SQL Health Checks
Healthy SQL is an important topic… I’ve gotten involved in a number of SQL health checks and would like to share some of the key methodology, metrics investigated and tools/utilities used.
There are at least two main components to this topic:
– Review of existing SQL Server implementations
– Developing on-going monitoring to detect small issues before they become large ones (think alerting)
This article will focus on the first component; a review of a SQL Server instance or instances that may have not been touched since the initial install. It happens with some of the smaller clients that do not have a local DBA. Or, these SQL instances have been modified, post installation, by a party or parties that are now, no longer there!
What follows are the main categories and items checked, with a few links to relevant content. My personal preference for these SQL health check reviews; is to start at the 10,000 foot view, then work my way down to the items or items that deserve closer scrutiny. For example, some reviews I’ve seen ignore the server platform… if there are performance issues at that level, this can adversely affect SQL Server performance!
Following this checklist, there are some of the tools/utilities that I’ve found useful or have had to create to assist in the documentation effort.
Note: By no means is this meant to be inclusive list, primarily the important, high-level topics that should checked.
Windows Server Platform
– Operating System Version / Service Pack: running on latest, supported OS and SP for that platform?
– Physical / Virtual: investigate platform for optimal settings
– Server security: is the server physically secure, and are the accounts with local administrative rights appropriate?
– Security Updates: is the Windows Server up-to-date with the latest security updates?
– Logical disk configuration: drive space; total and available
– NFTS block sizes: drives dedicated for SQL Server set to 64KB?
– Performance: set up a performance (Perfmon) trace logging to a file for at least a 24 hour period, sampling every 5 minutes. Use appropriate performance counters for both Windows Server and SQL Server. Then review. Look for potential bottlenecks, and address. Save the performance log files; they become a good comparison point or baseline. If available, SolarWinds can be an excellent asset for examination of server and SQL performance.
– Page file: located on a drive other than logical C: ? Is the page file in use?
– SQL Server install location: installed on a separate drive, not on logical C: ?
– SQL Server install date
– Current configuration values – sp_configure – consider enabling advanced options here to view everything
– SQL Server memory allocation: max memory value set? (link for use of SQL server with ConfigMgr 2012)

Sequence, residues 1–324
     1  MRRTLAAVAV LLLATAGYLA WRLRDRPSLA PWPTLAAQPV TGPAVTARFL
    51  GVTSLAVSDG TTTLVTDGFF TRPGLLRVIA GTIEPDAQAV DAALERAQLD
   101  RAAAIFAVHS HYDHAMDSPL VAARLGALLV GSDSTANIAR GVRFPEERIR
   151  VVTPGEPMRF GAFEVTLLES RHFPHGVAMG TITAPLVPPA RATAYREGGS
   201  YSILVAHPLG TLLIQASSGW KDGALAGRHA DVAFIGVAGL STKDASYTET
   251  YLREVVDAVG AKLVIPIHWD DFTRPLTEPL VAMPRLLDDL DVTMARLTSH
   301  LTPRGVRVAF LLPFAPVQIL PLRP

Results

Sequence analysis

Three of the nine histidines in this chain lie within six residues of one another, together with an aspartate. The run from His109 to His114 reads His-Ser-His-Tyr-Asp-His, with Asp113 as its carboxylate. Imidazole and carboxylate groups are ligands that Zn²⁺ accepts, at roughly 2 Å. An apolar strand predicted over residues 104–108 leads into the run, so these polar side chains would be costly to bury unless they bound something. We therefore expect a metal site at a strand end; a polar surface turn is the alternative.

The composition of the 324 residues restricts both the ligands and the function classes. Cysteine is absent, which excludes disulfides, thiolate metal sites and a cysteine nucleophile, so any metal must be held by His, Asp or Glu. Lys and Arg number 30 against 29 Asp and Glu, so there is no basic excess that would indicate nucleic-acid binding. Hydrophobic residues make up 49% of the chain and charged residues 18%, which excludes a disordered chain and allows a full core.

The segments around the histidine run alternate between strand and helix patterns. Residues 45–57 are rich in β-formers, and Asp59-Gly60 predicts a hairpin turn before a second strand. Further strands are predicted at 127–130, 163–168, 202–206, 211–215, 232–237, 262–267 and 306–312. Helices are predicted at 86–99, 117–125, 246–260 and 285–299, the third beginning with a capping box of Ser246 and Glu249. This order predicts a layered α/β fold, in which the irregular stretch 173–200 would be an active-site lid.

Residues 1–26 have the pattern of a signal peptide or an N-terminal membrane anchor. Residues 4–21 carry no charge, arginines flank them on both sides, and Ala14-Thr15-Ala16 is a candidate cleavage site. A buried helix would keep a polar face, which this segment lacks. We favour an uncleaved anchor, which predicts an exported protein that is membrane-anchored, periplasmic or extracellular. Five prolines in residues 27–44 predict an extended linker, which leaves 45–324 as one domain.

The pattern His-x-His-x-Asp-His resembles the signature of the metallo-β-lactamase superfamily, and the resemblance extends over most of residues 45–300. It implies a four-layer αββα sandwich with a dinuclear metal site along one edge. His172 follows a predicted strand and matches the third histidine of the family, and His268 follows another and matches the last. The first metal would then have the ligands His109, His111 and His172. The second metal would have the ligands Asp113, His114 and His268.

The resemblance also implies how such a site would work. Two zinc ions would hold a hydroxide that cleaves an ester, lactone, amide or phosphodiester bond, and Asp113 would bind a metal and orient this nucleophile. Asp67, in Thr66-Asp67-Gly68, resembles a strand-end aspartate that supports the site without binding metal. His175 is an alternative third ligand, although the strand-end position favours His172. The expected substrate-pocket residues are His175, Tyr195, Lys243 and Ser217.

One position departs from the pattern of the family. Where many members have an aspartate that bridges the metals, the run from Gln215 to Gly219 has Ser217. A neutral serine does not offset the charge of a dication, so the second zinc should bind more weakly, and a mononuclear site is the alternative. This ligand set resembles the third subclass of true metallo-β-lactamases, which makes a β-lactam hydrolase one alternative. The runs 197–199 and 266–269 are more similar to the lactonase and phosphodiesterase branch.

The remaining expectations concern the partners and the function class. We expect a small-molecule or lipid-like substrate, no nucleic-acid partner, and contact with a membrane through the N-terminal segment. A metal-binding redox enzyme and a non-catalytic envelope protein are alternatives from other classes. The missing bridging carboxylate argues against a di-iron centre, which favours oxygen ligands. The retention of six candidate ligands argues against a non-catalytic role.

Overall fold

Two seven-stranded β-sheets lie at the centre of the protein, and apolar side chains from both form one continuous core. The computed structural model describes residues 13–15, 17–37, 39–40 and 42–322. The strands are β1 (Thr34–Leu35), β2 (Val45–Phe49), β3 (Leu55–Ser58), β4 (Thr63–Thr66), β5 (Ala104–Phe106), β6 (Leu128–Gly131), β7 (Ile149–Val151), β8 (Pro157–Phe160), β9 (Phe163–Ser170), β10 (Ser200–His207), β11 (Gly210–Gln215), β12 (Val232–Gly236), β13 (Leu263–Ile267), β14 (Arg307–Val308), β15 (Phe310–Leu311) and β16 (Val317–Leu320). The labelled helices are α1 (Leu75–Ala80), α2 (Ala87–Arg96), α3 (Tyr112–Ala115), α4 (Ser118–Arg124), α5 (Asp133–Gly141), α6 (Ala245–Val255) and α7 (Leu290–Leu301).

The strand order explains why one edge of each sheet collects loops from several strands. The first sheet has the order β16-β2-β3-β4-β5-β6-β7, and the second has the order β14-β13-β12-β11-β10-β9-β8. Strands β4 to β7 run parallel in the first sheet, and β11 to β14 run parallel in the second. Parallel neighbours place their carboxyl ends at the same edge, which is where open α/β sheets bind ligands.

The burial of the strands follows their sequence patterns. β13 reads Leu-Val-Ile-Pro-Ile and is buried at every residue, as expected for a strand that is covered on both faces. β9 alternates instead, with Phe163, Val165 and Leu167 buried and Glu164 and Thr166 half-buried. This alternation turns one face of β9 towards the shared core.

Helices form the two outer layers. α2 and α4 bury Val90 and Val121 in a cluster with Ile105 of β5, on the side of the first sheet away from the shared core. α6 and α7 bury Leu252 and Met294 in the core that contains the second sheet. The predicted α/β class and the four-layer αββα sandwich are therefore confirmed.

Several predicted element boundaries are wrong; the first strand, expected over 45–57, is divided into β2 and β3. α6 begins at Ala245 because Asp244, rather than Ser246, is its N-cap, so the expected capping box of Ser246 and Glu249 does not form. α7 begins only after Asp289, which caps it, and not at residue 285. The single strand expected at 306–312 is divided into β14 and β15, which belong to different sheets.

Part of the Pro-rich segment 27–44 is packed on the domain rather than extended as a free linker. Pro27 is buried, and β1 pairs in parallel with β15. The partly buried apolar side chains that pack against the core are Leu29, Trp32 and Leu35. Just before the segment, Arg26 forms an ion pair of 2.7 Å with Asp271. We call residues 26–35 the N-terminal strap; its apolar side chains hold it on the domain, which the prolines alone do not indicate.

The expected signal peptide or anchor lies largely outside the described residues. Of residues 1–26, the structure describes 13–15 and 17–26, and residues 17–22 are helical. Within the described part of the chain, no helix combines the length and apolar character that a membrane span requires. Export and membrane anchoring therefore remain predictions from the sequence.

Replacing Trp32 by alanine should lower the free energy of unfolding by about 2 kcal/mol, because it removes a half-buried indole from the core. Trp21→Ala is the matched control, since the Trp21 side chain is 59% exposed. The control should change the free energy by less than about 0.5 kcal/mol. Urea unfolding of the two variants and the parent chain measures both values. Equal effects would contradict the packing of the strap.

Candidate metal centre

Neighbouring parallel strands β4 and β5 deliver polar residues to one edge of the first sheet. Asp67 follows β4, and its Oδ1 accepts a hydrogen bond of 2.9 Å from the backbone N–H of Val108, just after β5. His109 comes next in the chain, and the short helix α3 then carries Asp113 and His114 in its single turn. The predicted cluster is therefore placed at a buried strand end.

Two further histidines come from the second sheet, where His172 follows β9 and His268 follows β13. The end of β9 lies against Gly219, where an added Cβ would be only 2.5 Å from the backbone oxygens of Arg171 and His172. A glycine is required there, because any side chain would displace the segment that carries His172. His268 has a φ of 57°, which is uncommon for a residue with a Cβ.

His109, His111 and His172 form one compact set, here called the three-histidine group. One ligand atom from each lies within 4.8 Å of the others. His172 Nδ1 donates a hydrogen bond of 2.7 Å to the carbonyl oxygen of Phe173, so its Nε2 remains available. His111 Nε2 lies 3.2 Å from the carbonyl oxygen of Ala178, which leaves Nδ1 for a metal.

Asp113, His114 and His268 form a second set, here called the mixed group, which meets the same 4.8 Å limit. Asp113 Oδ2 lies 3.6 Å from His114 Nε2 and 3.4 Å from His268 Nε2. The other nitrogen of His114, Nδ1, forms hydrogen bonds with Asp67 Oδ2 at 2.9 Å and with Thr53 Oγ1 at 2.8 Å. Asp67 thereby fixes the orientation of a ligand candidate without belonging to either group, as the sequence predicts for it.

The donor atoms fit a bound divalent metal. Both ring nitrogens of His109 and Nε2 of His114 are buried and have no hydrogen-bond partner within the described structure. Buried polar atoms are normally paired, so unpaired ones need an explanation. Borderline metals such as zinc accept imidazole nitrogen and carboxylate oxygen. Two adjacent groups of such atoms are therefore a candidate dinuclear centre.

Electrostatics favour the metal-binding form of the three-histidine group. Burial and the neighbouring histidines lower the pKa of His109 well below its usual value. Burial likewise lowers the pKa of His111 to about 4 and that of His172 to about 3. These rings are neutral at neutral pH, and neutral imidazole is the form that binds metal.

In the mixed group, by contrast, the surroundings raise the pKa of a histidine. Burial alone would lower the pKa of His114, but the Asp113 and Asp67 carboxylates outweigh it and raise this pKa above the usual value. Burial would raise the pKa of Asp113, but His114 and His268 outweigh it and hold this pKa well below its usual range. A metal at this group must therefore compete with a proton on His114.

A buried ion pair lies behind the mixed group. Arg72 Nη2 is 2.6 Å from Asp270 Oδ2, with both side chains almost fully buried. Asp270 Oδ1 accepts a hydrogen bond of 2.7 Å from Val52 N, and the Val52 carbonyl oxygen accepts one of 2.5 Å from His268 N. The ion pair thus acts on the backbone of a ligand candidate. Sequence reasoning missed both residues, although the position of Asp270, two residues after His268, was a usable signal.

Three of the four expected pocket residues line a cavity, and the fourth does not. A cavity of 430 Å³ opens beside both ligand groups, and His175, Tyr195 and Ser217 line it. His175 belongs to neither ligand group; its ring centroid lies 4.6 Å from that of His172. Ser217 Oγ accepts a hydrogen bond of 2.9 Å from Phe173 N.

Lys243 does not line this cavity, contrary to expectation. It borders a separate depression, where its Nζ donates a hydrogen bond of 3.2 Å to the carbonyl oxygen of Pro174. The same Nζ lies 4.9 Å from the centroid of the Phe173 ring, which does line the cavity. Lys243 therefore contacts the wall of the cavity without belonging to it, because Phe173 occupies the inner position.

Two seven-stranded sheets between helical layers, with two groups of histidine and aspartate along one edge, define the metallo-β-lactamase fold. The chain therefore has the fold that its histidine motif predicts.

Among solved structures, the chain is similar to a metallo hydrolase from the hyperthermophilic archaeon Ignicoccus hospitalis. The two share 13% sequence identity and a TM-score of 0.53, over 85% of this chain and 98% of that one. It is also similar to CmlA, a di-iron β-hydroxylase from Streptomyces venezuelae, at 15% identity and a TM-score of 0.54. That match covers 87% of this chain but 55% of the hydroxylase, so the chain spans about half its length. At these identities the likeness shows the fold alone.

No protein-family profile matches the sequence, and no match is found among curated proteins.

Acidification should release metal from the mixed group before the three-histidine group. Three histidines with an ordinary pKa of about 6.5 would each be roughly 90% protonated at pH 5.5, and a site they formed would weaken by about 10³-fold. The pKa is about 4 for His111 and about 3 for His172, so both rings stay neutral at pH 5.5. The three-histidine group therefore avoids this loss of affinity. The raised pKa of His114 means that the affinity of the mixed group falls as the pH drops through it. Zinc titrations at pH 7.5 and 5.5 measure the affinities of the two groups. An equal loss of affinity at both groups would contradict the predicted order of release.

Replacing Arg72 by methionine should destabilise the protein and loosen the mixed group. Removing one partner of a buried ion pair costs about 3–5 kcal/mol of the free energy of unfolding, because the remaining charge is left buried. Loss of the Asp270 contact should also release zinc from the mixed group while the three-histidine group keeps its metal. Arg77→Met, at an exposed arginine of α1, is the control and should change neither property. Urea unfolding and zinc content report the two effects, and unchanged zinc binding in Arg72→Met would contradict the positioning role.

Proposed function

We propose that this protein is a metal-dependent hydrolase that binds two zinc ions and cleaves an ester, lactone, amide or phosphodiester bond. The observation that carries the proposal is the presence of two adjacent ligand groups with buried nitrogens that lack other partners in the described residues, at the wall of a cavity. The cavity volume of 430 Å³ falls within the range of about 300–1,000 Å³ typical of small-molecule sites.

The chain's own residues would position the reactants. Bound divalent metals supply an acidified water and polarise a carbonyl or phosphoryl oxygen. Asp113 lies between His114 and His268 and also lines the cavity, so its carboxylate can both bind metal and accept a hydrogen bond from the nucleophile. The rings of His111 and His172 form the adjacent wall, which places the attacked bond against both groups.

– Database Names, paths, file size and location
– Database properties: owner, recovery model, log size and log percent in use
– I/O Rank: list database rank by IO (MB) – may help prioritize database investigation
– TempDB: sized appropriately, located on a dedicated drive?
– SQL Security: Mixed vs. Windows security mode, review sysadmin list for appropriate membership
– Monitoring: System Center Operations Manager 2012 or something else?
– Database / transaction log files: Auto-growth set appropriately?
– Statistics: last updated date fairly recent?
– Index fragmentation: Examine Average fragmentation, page counts, etc.
– Virtual Log Files (VLF) counts: while written with a bias toward ConfigMgr 2012, the concept applies to any database
– Last backup date: backups properly scheduled and restores tested?
Tools / Utilities used
Custom PowerShell SQL Audit script – Many, if not all of the above metrics can be captured by PowerShell and saved as an XLS workbook. This helps provide a baseline, the bonus is available documentation that can be shared and provides a guideline for any future changes. And, the PS script can be extended as needed.
Using Ola Hallengren’s Maintenance scripts – optimizing ConfigMgr 2012 databases applies to any database that needs to have the indexes and statistics kept up-to-date. There is a link from that blog to Ola’s open source scripts.
Diagnostic Queries – some great queries that I recommend, and have modified on occasion for specific purposes. A few of these have found their way into the Custom PowerShell script 😉 (Thanks Glenn)
Windows Performance Monitor – I don’t need to explain this one, do I? 😉
Microsoft Assessment and Planning Toolkit – I’ve found this solution accelerator to be very useful for mapping SQL Server installations in new environments. Especially, where the client is not always sure what is installed.
SQLIO Disk Subsystem Benchmark Tool – On occasion, where SQL appears to have difficulties with the disk subsystem. SQLIO can help determine I/O capacity of a given system.
The above guidelines should provide a good start to determining SQL Health. As mentioned, these guidelines are in no means meant to be inclusive. Many times, this preliminary information will lead to deeper investigation. Additional work may be indicated (as needed) to investigate specific application interaction with SQL Server.
The challenge – for full details: http://www.sqlservercentral.com/blogs/pearlknows/2015/01/06/t-sql-tuesday-62-invitation-to-healthysql/